8 tips to organize your iPhone / iPad apps and folders

How many apps you have downloaded to your iOS devices ? And is it easy to find them from within the devices – then run your favorite game or utility apps, move them or delete them ? Yes I know many of you have your favorite apps in the home screen and you can organize the apps into folders as well … but more questions pop up – how to name the folders ? How to arrange the folders ? And is it easy to find the folders you created last week or month in your iPhone / iPad ?

iPhone and iPad are smart devices but you need to be very smart as well one way or the other, to make that device works for you. Other than downloading good apps, I firmly believe you also need a smart(er) way to organize your apps and folders – and in turn, better user experience.

And here are 8 tips and tricks on that:

  1. First, only download the apps your need. A simple but important trick, for example, if you don’t play games at all then why download the Angry Birds ?
  2. Second, organize all standard Apple apps (Clock, Calendar, Contact, Map etc.) in the home screen of the device. With this approach, when you know you need to run those standard Apple apps, just go to the home screen to find it. Free up your mind, you don’t need to memorize where are those apps – like, where is the Map apps ? However, if there are really some Apple standard apps you don’t need in the home screen – save those into a separate folder, say “Apple apps”.
  3. Always leave a row in the home screen for your apps and folders though, in other words, only keep at most 12 standard Apple apps in the home screen (in the case of iPhone). That will leave you 4 “slots” to place your own apps or folders. For iPad, keep 15 standard Apple apps in the home screen and leave 5 “slots” for the apps folders.
  4. In the case of iPad, you can also move one of your favorite apps to the apps docking bar in the bottom of the screen. In my case, I added Zite to it.
  5. In the home screen, keep the most used apps on the left most column (if you are a right-handed person), or the right most column. That will help you to access your favorite apps with only one hand and your thumb.
  6. Probably the most important tips – sort your folders position by their names. For example, place the folder sequence like “Finance”, then “Games”, then “Health” etc. That will help you easy to find one folder just by a glance to the screen. In other words, if you want to find the folder “Health”, the first glance of the screen you found “Finance” and you will certainly know the “Health” folder is somewhere on the right or below the folder “Finance”. No more folder hunting.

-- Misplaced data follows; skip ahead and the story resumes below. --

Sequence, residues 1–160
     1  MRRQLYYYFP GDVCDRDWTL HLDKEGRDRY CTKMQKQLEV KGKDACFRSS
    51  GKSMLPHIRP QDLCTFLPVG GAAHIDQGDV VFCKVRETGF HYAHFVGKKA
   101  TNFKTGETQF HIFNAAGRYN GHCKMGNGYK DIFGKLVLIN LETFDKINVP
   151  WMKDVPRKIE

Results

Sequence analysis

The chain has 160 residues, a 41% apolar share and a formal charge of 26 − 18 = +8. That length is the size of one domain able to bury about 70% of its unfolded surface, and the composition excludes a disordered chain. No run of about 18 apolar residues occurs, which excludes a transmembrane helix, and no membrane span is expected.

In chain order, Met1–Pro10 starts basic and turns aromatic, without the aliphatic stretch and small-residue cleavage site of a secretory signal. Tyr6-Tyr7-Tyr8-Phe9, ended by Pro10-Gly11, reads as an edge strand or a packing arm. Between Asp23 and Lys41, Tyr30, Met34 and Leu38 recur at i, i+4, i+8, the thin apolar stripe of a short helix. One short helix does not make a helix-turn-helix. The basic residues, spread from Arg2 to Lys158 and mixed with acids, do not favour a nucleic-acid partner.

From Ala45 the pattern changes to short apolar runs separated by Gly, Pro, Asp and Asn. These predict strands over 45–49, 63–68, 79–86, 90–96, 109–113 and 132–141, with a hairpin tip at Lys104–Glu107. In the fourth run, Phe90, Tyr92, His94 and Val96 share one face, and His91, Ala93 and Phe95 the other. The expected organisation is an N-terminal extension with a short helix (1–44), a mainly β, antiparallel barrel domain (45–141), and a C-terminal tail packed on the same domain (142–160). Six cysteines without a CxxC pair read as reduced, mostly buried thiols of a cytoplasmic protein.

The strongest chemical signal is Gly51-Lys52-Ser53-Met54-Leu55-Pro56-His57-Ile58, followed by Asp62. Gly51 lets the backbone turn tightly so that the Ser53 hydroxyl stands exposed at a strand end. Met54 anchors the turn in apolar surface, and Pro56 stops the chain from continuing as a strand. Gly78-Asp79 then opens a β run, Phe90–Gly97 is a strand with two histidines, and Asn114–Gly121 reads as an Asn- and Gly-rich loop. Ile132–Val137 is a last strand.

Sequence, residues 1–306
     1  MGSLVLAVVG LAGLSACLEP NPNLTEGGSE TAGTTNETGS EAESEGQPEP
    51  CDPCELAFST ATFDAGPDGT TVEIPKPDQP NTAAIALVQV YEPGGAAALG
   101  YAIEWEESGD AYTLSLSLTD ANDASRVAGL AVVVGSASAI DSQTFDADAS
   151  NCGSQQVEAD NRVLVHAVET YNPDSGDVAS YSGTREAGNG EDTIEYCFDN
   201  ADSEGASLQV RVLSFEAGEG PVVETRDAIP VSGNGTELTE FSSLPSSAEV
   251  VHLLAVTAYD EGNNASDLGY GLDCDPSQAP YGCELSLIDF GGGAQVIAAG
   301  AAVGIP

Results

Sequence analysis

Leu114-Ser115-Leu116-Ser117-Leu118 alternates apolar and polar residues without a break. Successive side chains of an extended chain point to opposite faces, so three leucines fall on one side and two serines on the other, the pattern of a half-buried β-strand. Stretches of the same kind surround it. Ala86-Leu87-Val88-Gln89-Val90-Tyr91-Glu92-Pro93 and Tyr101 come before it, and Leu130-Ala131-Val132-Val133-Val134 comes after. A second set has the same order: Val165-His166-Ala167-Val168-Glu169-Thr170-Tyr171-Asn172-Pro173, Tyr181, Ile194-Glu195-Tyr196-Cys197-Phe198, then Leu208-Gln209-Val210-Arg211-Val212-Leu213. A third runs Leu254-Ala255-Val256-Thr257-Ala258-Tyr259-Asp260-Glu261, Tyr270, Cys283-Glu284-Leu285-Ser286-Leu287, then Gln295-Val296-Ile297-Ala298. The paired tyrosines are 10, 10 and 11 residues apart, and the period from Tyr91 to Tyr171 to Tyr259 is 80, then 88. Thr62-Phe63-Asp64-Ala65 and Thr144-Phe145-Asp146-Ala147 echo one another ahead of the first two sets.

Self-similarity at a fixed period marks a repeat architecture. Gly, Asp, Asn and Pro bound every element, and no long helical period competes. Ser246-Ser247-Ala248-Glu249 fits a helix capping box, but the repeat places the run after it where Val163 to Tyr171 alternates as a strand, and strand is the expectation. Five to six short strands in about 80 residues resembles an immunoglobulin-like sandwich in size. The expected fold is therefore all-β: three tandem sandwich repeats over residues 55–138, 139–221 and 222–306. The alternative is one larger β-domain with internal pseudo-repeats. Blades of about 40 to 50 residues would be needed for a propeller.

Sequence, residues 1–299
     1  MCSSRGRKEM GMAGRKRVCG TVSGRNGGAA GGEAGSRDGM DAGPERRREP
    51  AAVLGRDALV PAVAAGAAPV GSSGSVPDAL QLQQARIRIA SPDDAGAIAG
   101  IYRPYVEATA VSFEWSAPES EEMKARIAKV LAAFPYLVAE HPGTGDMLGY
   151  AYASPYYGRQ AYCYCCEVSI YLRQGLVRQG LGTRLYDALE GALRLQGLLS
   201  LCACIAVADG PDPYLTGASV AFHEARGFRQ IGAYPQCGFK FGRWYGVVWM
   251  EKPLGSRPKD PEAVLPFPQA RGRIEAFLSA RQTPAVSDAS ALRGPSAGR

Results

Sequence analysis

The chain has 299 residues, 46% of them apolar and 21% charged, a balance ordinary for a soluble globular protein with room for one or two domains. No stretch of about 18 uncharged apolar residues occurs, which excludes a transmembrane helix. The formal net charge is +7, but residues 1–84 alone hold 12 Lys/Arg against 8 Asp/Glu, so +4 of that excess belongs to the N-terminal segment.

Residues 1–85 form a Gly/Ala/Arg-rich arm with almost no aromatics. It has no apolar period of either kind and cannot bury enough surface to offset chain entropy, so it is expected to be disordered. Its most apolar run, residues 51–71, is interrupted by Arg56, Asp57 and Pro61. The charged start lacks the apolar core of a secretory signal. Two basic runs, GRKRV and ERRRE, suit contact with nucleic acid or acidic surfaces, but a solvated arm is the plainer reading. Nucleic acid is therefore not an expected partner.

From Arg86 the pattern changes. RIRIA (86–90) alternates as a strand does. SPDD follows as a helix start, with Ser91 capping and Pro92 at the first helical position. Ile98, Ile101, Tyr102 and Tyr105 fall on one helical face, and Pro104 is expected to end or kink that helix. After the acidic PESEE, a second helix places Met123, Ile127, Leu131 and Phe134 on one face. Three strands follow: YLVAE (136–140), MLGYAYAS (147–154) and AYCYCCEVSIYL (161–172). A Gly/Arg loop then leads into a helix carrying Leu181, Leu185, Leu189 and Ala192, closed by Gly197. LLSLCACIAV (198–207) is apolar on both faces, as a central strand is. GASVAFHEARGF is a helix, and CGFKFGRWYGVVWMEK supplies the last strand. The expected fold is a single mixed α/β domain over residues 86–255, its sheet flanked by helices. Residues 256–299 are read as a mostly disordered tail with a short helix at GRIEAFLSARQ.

7. Keep the folders names the same between iPhone and iPad. So you can easily find the same apps in the same folder.
  8. Lastly, review the apps and folders once every few months – remove the apps that no longer needed; rename the folders or create new ones if new needs arose; reorganize the folder position again.

I hope all these tips and tricks make sense to you, following you can find few screen shots of my iPhone and iPad set up.

Comparison of iPad news reading apps

I wrote about how to make the news comes to you, so the natural next step is find a good tool to read / consume the news. While iPhone is my everyday mobile device, but to read news, iPad is really better. So I installed 4 iPad apps – Flipboard, Zite, MobileRSS and Twitter to find my ideal tool to read news; and here is the comparison – how I read an HBR news with the four applications.

Note that it is not an “evaluation report” as I believe each of us have different evaluation criteria and therefore this post will focus how I read the same news with different programs. Lastly, iPad is still not a good tool to read books, Kindle is much better, but it is another story.


Rated the best iPad application in 2010 and I think most of iPad users have this installed. To connect to the news, just select one of the predefined news sources or you can connect the apps to your Twitter account. Following is the screen shot of the news The Only Thing that Really Matters from HBR.

As you can see the apps strip off all the ads, headers and other elements but only show you the news . Of course you can see the original news if you “click” the source link but in essence, the presentation is pretty plain …


This apps’ tagline is “Personalized Magazine” and indeed you can feed in many news sources to it and also connect your Twitter feeds to it. One thing different from Flipboard is it does not support your Facebook friends’ feeds (yet). Following is the same news from HBR. As you can see the presentation format is pretty good. You can also “inform” the tool that you like this type of news or the source of the news (i.e. HBR in that case), then the program is smart enought to feed more news similar to that (in that case, business news) or from the same source.


If your news sources are mainly website RSS but not Twitter and Facebook, then MobileRSS is also a good choice. One thing I don’t like much is the all black default color scheme (you can change it to other themes) and you will see some sponsor ads. See below …


The last news apps is in fact the Twitter for iPad, and obviously the main news sources are your followers. Since many websites provide both RSS and Tweets, you therefore can use this to view many news. Unlike the above tools, however, it renders the HBR news like what a browser will do … in other words, you will also see the banner ads in the page; and you need to scroll more to see the whole news article.


All four tools are great for their own purposes, however, none of them are perfect to my purpose yet. If I have to choose, I think I will use Zite more …